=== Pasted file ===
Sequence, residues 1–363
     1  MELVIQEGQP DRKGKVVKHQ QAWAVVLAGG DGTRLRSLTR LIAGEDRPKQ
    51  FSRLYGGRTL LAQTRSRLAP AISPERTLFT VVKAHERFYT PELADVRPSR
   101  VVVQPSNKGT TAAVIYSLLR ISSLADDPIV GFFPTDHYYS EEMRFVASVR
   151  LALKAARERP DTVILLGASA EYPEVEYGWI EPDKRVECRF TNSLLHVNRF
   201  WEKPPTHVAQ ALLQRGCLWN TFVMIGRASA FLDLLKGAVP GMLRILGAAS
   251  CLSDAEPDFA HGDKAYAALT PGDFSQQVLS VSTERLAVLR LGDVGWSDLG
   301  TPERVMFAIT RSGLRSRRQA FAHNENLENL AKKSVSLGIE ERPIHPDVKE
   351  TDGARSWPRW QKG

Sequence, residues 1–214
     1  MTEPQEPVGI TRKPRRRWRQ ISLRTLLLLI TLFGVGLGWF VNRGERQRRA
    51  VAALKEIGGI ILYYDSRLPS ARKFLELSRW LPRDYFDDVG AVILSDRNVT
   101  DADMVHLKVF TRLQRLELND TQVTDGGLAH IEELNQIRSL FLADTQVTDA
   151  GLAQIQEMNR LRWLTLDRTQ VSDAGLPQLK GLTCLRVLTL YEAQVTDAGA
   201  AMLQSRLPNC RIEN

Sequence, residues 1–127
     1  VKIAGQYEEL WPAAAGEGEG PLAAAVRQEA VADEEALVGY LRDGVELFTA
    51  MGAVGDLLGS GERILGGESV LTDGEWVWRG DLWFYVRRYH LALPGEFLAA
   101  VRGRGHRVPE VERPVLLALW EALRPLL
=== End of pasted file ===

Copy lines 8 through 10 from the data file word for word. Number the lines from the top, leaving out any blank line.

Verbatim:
   301  TPERVMFAIT RSGLRSRRQA FAHNENLENL AKKSVSLGIE ERPIHPDVKE
   351  TDGARSWPRW QKG

Sequence, residues 1–214